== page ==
MINNEAPOLIS - People who experience migraine with visual aura may have an increased risk of an irregular heartbeat called atrial fibrillation, according to a study published in the November 14, 2018, online issue of Neurology®, the medical journal of the American Academy of Neurology. Migraine with visual aura is when disturbances in vision occur right before head pain begins. Those disturbances may include seeing wavy lines or flashes of light, or having blurry vision or blind spots.
With atrial fibrillation, a form of arrhythmia, the heart's normal rhythm is out of sync. As a result, blood may pool in the heart, possibly forming clots that may go to the brain, causing a stroke.
"Since atrial fibrillation is a common source of strokes caused by blood clots, and previous research has shown a link between migraine with aura and stroke, we wanted to see if people who have migraine with aura also have a higher rate of atrial fibrillation," said study author Souvik Sen, MD, MS, MPH, of the University of South Carolina in Columbia. "Atrial fibrillation can be managed through medication, but many people do not realize that they have atrial fibrillation."
For the study, 11,939 people with an average age of 60 without prior atrial fibrillation or stroke were evaluated for headache. Of those 9,405 did not have headache and 1,516 had migraine. Of those who had migraine, 426 had migraine with visual aura. The participants were followed for up to 20 years.
During the study, 1,623 people without headache, or 17 percent, developed atrial fibrillation while 80 of 440 people with migraine with aura, or 18 percent, developed the condition and 152 of 1,105 people with migraine without aura, or 14 percent.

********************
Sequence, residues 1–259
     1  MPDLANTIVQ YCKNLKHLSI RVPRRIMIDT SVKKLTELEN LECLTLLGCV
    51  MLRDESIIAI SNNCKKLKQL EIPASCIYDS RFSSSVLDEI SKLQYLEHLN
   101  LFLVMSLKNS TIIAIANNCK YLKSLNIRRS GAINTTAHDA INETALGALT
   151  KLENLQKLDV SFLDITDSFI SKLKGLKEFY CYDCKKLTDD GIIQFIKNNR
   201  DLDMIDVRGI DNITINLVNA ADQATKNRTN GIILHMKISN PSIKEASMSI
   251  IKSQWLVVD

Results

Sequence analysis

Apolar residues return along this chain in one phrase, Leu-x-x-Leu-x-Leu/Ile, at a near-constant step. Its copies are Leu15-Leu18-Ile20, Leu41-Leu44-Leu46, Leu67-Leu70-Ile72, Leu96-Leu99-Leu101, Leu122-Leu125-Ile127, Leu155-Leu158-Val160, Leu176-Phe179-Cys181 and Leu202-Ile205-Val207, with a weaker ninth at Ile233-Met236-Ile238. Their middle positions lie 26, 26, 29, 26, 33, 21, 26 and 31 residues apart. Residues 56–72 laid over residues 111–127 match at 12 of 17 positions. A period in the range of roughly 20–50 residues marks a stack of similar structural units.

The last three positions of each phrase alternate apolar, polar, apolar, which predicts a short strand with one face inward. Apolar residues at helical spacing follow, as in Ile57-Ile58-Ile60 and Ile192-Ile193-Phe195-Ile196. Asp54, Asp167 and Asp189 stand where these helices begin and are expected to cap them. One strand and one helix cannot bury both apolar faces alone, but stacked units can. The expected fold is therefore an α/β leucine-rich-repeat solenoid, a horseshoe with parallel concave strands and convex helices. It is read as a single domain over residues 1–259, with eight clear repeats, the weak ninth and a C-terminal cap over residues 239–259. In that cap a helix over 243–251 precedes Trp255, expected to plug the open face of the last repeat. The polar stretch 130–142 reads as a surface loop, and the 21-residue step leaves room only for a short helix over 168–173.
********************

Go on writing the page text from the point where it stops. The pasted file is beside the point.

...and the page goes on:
After adjusting for age, sex, blood pressure, smoking and other factors that could affect risk of atrial fibrillation, people with migraine with aura were found to be 30 percent more likely to develop the condition than people who did not have headaches and 40 percent more likely to develop atrial fibrillation than people with migraine with no aura.
The results translate to an estimated nine out of 1,000 people with migraine with aura having atrial fibrillation compared to seven out of 1,000 people with migraine without aura. Researchers also found that the rate of stroke in the migraine with aura group was four out of 1,000 people annually compared to two out of 1,000 people annually in those with migraine without aura, and three of 1,000 people annually in those with no headache.
"Our research suggests that atrial fibrillation may play a role in stroke in those with migraine with visual aura," said Sen. "It is important to note that people with migraine with aura may be at a higher risk of atrial fibrillation due to problems with the autonomic nervous system, which helps control the heart and blood vessels. More research is needed to determine if people with migraine with visual aura should be screened for atrial fibrillation."
A limitation of the study was that the definition of migraine may have left out people who had migraines that lasted less than one year or who had a history of migraine at younger ages. There was also limited information on migraine medications that may influence heart rate.
The study was supported by the National Heart, Lung and Blood Institute and the American Heart Association.
Learn more about migraine at BrainandLife.org, home of the American Academy of Neurology's free patient and caregiver magazine focused on the intersection of neurologic disease and brain health. Follow Brain & Life® on Facebook, Twitter and Instagram.
The American Academy of Neurology is the world's largest association of neurologists and neuroscience professionals, with over 34,000 members. The AAN is dedicated to promoting the highest quality patient-centered neurologic care. A neurologist is a doctor with specialized training in diagnosing, treating and managing disorders of the brain and nervous system such as Alzheimer's disease, stroke, migraine, multiple sclerosis, concussion, Parkinson's disease and epilepsy.
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